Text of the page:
"The problem is to explain also why the entropy of the early universe was
so low. If you just accept that this is the case and also don't bother
about the very distant future, there is no problem. But if you assume that
time goes on from the infinite distant past and/or to the infinite distant
future, you have a problem, because smaller local low entropy states are
then more likely than the whole observable universe being in some low
That make me think about the people that try to discover the whys of the
arrow of time by taking concepts like "beginning of the universe". That
presuposses the arrow of time that he is trying to demonstrate how it
arises in the first place. this is a circular reasoning. All that he can
demonstrate empirically is that it follows entropy, an then, he is puzzled
by the fact that entropy was so low at the "beginning"
but if we take the idea of a block universe shaped as a four dimensional
bell with a singularity in the left ( see the figure that I linked), there
is no arrow of time here. is our life that goes along very short segments
from left to right in the middle of this figure. what we do is to
extrapolate this sort segment to the whole figure. But this is not right.
first, time is local, according with general relativity. How we extrapolate
it? by assuming that time progress in the universe in the direction that
we perceive causality, that is, in the direction of entropy increase.
but even so, there is not a single arrow of time where entropy increases.
there are infinite lines of entropy increase/arrows of time departin from
the singularity, which diverge radially trough the bell and extend to the
right in the figure.
If i´m right, the existence of a gradient of entropy and, thus the
existence of a singularity with maximum entropy somewhere, at a point which
we consider "origin of the universe", is a pre-requisite for natural
selection and life. Natural selection (as I said before) select "good
correlations" which deal with macroscopical events, to design life and
observers. That is why we see this universe with such unavoidable notion of
beginning and not other in other ways.
A boltzman brain is just a curiosity, unless the bolzman fluctionation
create not a single brain but a local portion of the universe that develop
in a way that maintain intellgent beings. In this case, it
is indistinguishable if the universe is or not the product of a boltzman
2012/7/31 Bruno Marchal <marc...@ulb.ac.be>
> On 31 Jul 2012, at 17:36, smi...@zonnet.nl wrote:
> Citeren Bruno Marchal <marc...@ulb.ac.be>:
>>> On 30 Jul 2012, at 19:57, meekerdb wrote:
>>> On 7/30/2012 2:19 AM, Alberto G. Corona wrote:
>>>>> The Boltzman brains , according with what i have read, are completely
>>>>> different beasts. Boltzman pressuposes, that , since no random
>>>>> of matter is statistically impossible, and Boltzman demonstrated it in
>>>>> certain conditions (ergodic conditions) , with enough time, some
>>>>> arrangements of matter would simulate minds, or even worlds and
>>>>> civilizations. But 15.000 Million years, that is the age of the universe
>>>>> is not enough.
>>>> Boltzman was considering the question of how the universe came to be
>>>> in its state of low entropy. I could be due to a random fluctuation.
>>>> And it was more probable that the random fluctuation simply produced the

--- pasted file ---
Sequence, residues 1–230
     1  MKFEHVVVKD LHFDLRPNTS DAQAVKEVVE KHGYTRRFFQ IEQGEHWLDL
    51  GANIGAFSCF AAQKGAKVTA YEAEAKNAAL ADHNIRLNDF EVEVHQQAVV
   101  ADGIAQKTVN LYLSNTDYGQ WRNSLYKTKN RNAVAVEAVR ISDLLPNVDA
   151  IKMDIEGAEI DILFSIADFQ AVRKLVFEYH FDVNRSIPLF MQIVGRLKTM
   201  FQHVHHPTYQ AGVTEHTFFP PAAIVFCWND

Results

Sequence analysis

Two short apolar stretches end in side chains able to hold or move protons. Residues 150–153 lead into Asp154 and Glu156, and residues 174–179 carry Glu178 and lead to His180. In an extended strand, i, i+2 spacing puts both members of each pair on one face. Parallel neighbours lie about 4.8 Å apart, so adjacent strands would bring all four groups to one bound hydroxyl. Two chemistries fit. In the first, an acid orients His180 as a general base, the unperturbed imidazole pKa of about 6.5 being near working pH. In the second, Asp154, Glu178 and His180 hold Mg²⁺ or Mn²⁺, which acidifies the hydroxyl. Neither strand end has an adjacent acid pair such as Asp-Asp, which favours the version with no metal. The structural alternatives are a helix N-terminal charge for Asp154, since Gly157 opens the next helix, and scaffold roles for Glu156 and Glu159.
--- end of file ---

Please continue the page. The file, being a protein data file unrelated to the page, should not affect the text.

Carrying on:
>>>> universe as we see than a fluctuation that produced a big bang universe
>>>> which then evolved into what we see.
>>> Actually I doubt this, like the probability that life appears on earth
>>> and leads to us, is plausibly bigger than the probability that "I"
>>> appears here just now, in my exact current state.
>>> And extending this line of thought further, a fluctuation that merely
>>>> created a brain along with the illusion of this universe was still more
>>>> probable (i.e. less improbable).
>>> If that were true, that could be used to put more doubt on the
>>> existence of the 1-person indeterminacy measure, I think.
>>> In the UD, or arithmetic, this reflects the competition between little
>>> numbers (simple explanation) and big numbers (algorithmically complex
>>> explanation). But the indeterminacy bears on all numbers, so the little
>>> one have to multiply much more than the complex one, in some ways.
>>> Linearity at the physical bottom might be explained by that phenomenon,
>>>> Sean Carroll has a good discussion of this and why this argument does
>>>> not hold for a multiverse, in his book "From Infinity to Here".
>>> Looks interesting. I guess this can be very easily extended to the
>>> "many dreams" occurring in arithmetic.
>>> http://iridia.ulb.ac.be/~**marchal/ <http://iridia.ulb.ac.be/~marchal/>
>> The problem is to explain also why the entropy of the early universe was
>> so low. If you just accept that this is the case and also don't bother
>> about the very distant future, there is no problem. But if you assume that
>> time goes on from the infinite distant past and/or to the infinite distant
>> future, you have a problem, because smaller local low entropy states are
>> then more likely than the whole observable universe being in some low
>> entropy state.
>> And Sean Carroll's argument amounts to simply hiding the problem in an
>> ever expanding state space, it's not that he has shown that in a multiverse
>> the problem doesn't occur.
> But with comp I don't see how we could avoid the ever expanding state
> space. That is what a UD is, notably, and its existence is a consequence of
> simple laws (+ and *).
> Should not a quantum multiverse also contains some quantum universal
> dovetailer and avoids the problem in the Sean Carroll way? (as far as I can
> imagine it)
> http://iridia.ulb.ac.be/~**marchal/ <http://iridia.ulb.ac.be/~marchal/>
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